Topology Optimization of Self-Actuating Mechanisms Containing Active Materials
By systematically combining active and passive materials within a single structure or mechanism, one can tailor the strain response of the system to achieve some target motion. Topology optimization provides a means with which to mathematically determine the optimal distribution and layout of the constituent materials in order to obtain the desired structural response. This design process contains many mathematical and scientific challenges that we seek to address through this research. At the CDI Lab, we are working to develop novel computional techniques for modeling active materials such as shape memory polymers and shape memory alloys, which we will then incorporate into our design optimization algorithms to automatically generate optimal material layouts for self-actuating mechanisms.
Design of a Bi-Stable Morphing Airfoil Via Topology Optimization
The objective of the project is to harness the geometric nonlineary of structures to design a novel camber morphing mechanism for a bi-stable airfoil using topology optimization. Morphing can be defined as an external shape change of a structure which has the potential to dramatically alter its performance. Wing morphing can broadly be summarized as continuous shape change of the wing between different configurations whereby the whole structure moves as a single entity, thus eliminating the gaps between hinged members (flaps and slats) in conventional aircraft. Structural morphing confers significant performance benefits including reduced noise, vibrations, and parasitic drag.
Figure 1 shows the finite element mesh and boundary conditions for the optimization problem. By optimally distribution material within this region, we can tailor the non-linear force-displacement response to achieve a bi-stable structure. Once the structure is made bi-stable, it can be deployed to dynamically adapt to changing flight conditions, enabling optimal performance in multiple flight regimes.
Optimal Design of a Hyper-Elliptic Cambered Span (HECS) Wing
Span-optimized configurations are achieved using a Langrange multiplier method coupled with a vortex lattice analysis code. This study explored a diverse range of planform configurations such as rectangular, tapered and elliptic.
Analysis of a rectangular planform cambered span configuration reveals a net reduction of 16.75 % in drag at a design CL of 0.43. Comparisons were made with a baseline planar configuration with Elliptic span loading. Both designs had an equal projected span with the HECS configuration having a larger wetted surface area.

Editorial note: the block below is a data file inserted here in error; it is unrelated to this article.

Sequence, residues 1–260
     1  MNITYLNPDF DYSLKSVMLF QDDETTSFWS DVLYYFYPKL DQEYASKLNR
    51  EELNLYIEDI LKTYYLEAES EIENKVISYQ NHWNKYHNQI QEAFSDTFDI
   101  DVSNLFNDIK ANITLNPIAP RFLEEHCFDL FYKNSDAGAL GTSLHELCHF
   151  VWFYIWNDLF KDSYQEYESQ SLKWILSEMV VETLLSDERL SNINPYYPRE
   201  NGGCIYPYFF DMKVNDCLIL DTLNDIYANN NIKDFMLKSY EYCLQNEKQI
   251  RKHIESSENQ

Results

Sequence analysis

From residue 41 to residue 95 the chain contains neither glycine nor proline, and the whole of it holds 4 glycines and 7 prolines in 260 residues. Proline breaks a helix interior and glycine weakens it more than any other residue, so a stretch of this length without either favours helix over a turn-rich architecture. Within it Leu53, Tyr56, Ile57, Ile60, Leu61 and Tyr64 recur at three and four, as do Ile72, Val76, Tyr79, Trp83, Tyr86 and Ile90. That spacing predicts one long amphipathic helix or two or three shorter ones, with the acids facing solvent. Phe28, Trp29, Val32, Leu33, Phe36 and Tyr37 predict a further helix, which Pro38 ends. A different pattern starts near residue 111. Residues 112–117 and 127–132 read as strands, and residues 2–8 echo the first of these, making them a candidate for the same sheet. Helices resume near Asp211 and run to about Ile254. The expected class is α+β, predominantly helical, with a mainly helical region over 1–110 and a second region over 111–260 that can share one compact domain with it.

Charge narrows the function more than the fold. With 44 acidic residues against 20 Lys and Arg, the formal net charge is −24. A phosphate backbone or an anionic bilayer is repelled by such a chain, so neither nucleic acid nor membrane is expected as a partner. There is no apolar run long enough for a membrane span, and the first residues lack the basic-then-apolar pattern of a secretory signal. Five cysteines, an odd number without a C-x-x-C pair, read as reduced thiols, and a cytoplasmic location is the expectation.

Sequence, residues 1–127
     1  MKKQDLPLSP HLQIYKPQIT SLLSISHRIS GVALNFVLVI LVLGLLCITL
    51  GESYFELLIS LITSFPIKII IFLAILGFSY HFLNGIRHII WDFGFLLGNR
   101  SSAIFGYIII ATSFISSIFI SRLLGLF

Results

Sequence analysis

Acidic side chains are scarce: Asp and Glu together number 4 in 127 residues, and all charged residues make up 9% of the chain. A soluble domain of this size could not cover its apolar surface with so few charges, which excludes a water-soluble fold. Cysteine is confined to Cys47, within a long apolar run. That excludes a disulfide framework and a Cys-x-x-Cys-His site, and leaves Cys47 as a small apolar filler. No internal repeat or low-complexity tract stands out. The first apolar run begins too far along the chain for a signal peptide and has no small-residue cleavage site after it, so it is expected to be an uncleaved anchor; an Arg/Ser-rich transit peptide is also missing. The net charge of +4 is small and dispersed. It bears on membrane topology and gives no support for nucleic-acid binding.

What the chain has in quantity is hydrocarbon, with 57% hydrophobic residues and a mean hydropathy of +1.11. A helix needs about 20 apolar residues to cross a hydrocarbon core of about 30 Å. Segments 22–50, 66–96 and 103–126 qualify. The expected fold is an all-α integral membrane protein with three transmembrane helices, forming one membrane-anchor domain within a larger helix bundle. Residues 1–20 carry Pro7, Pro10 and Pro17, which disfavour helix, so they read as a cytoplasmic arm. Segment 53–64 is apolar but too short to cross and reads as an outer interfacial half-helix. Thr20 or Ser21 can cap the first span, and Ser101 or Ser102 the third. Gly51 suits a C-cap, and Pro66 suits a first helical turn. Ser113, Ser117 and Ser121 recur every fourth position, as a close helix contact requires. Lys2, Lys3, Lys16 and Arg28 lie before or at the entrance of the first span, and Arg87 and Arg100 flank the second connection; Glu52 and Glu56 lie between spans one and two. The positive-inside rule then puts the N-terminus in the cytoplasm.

The objective of this research is to create an original computational design framework for the optimal design of multifunctional, heterogeneous material systems. New advances in additive manufacturing have made possible the rapid and inexpensive fabrication of complex designs containing multiple classes of materials, including metals, ceramics, and polymers, all within a single print job. This capability allows manufacturers to produce heterogeneous, multi-component designs, without the need for assembly, thereby eliminating the cost and design limitations that assembly entails. In addition to parameterizing the design problem to allow for multiple materials, we must implement coupled, multi-physics finite element analysis models that can simulate multiple material response phenomena (i.e. plasticity, brittle damage, hyperelasticity), within a single system. Within this research thrust, we are exploring several application domains, including
- Thermomechanical design
- Adaptive morphing using electroactive polymers
- Design for additive manufacturing
Figure 5 shows an example of multi-material topology optimization for maximum elastic stiffness subject to temperature constraints. The structure must function as a bridge, withstanding a three-point bending load, and it must also function as a heat sink. In response to an applied thermal load at the bottom surface, the design must effectively dissipate heat energy the prevent excess heating along the top surface. The thermal response is modeled using a linear steady-state thermal conductivity model.